Fathers Incorporated launched in 2004 to show how dads positively affect children’s personal development including educational outcomes. In 2016, the nonprofit group kicked off a new aspect of its programming, Real Dads Read, in a creative and effective setting: barbershops.
“Our program is a two-generation approach to engaging and improving outcomes for both men and children where they are bonding and spending time through literacy,” said Fathers Incorporated founder and CEO Kenneth Braswell.
The program enables fathers to share books in the barbershop that are intentionally chosen to be culturally relevant for African-American families. The children can also take the books home for free.
“At the time, people were not ready to hear and talk about fathers in the endearing way that they talk about moms and children,” Braswell told the Atlanta Business Chronicle last year. “But that has changed in recent years, as has the perception of what it means to be a father today.”
Fathers Incorporated’s core values emphasize the role of father figures in supporting their children holistically through the promotion of Responsible Fatherhood.
“Masculinity is not what it was 30 years ago. Now, not only can fathers be protectors and providers,” Braswell told the Chronicle, “but we can also be nurturers, and being nurturers is just as important to us as the other things are.”
Building on its early success, Real Dads Read grew from 20 barber shops to nearly 100 barbershops and Atlanta Public Schools throughout Metro Atlanta and Columbus Georgia.
Then COVID hit. People were not coming to barbershops anymore, and Fathers Incorporated had to figure out how to reach families. With the support of a grant from the redefinED atlanta Innovation Fund, Fathers Incorporated was able to adapt by offering an adaptation of our Real Dads Read Curriculum guided from a parent’s position.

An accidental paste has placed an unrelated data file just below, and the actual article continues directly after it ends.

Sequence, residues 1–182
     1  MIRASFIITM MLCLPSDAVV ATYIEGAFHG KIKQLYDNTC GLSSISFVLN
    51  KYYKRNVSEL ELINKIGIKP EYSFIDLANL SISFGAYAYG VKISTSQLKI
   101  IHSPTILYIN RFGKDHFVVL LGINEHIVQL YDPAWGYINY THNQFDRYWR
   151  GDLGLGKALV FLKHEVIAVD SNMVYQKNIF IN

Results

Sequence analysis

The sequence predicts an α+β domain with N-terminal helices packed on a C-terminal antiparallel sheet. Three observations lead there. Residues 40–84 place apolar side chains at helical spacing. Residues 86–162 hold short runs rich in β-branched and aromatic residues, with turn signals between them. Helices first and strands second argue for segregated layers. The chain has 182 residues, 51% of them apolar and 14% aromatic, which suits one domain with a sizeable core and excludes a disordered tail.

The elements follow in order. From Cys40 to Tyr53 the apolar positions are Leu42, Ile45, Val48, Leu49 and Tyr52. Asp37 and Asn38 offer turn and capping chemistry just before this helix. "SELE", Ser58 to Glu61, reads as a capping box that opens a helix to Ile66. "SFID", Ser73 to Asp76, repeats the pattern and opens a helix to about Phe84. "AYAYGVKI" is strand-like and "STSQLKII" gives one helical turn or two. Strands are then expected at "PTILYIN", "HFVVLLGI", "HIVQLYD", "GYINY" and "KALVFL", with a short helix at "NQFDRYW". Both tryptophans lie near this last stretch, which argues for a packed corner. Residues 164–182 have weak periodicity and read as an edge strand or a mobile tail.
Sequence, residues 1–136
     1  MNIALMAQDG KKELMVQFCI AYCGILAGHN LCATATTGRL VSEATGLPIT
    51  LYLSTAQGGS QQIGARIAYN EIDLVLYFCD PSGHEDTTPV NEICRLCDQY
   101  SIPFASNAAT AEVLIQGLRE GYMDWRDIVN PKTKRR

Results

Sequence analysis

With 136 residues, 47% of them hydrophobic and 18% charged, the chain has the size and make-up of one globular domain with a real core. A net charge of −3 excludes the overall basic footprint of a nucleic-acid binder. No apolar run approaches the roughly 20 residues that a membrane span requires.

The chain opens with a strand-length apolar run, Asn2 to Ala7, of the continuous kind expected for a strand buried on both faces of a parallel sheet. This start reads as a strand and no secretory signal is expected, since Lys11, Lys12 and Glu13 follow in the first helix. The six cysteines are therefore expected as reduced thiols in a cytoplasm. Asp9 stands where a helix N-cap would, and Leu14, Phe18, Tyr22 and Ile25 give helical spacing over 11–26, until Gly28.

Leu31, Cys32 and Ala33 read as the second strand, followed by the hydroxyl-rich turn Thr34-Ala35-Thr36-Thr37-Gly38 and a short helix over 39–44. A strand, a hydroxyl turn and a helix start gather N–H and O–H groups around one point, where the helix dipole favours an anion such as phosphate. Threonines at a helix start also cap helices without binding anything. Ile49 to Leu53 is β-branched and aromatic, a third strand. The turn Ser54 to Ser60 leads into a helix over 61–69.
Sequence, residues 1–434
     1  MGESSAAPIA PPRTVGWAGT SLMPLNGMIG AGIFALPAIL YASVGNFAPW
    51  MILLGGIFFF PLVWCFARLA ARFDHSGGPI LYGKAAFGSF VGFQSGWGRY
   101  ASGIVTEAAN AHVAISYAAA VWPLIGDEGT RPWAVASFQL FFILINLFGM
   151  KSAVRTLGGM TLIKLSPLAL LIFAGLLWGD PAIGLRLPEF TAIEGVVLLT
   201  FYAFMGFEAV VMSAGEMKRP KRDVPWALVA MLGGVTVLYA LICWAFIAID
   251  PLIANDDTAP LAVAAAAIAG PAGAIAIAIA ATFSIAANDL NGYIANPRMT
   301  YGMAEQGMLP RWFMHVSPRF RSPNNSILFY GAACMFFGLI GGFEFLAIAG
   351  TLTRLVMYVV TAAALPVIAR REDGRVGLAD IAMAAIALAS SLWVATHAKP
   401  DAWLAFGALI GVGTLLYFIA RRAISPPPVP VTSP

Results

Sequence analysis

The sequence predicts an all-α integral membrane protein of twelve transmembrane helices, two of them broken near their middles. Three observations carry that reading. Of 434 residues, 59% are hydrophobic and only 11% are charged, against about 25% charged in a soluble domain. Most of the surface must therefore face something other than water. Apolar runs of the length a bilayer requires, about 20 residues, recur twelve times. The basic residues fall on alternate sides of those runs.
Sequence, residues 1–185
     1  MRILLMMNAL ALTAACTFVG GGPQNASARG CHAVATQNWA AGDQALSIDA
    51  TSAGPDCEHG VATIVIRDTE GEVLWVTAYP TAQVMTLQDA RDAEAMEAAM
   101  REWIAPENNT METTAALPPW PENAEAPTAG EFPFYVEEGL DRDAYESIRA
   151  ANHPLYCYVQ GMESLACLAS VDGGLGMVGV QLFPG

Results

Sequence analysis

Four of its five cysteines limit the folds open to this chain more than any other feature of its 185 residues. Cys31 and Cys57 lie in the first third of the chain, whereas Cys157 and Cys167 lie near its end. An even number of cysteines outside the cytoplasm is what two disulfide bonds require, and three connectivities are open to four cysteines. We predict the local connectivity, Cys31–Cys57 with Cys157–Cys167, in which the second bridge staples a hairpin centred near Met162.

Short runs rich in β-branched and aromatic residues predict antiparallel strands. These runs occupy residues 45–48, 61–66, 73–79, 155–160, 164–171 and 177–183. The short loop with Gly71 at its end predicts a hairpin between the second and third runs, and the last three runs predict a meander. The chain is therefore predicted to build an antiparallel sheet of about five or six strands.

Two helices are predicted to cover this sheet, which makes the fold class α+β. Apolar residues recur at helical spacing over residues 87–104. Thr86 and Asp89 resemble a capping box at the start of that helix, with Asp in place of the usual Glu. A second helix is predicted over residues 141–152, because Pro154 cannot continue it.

Teaming up with the Atlanta Public Schools Police Department and the creation of the Real Dads Read Mobile Units, officers helped deliver more than 1,400 books to families in underserved neighborhoods. The mobile units focus on reaching African-American children during the summer months when schools are not open. They’ll head back out later this month.
The mobile units expanded the reach of Real Dads Read while tapping into and strengthening the relationships APS police officers have built within communities.
“Our community deeply values the role dads play in our children’s lives. Black fathers in Atlanta and Columbus are breaking stereotypes and redefining their roles as parent figures, which is inspiring and empowering,” said Braswell. “There’s nothing they can’t do, and the success and wellbeing of their children proves it. I’m proud that Fathers Incorporated has been able to support them.”
Learn more about Fathers Incorporated and Real Dads Read at https://www.fathersincorporated.com.
Photos courtesy of Fathers Incorporated.